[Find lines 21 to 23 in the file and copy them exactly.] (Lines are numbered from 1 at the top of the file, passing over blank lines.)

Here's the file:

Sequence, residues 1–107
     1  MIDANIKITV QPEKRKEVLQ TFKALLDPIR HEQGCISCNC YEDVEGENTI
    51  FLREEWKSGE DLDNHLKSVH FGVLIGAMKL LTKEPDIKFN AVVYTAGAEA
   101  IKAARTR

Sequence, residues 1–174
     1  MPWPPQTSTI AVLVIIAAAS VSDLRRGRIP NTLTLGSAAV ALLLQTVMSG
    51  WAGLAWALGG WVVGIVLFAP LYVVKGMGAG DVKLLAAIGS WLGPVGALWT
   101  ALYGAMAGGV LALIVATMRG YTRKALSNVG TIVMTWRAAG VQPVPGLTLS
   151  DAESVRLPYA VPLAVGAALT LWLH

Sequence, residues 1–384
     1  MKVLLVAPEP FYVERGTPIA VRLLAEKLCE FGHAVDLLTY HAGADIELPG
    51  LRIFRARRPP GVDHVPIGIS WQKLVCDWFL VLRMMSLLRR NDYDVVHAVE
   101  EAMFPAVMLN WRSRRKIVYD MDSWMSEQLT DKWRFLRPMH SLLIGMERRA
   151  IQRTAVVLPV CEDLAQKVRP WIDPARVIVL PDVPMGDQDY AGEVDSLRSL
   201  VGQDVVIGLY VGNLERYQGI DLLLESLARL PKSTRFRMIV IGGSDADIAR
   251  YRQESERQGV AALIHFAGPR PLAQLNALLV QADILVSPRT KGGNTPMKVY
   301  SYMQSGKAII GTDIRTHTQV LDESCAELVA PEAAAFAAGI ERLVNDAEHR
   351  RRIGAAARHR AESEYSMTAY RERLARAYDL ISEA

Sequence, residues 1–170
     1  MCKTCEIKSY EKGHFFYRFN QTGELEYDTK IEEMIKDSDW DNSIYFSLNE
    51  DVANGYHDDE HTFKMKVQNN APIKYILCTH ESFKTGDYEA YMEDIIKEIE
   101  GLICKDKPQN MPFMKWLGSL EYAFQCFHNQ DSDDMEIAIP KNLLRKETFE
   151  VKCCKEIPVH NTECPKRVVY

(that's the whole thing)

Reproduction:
    51  DVANGYHDDE HTFKMKVQNN APIKYILCTH ESFKTGDYEA YMEDIIKEIE
   101  GLICKDKPQN MPFMKWLGSL EYAFQCFHNQ DSDDMEIAIP KNLLRKETFE
   151  VKCCKEIPVH NTECPKRVVY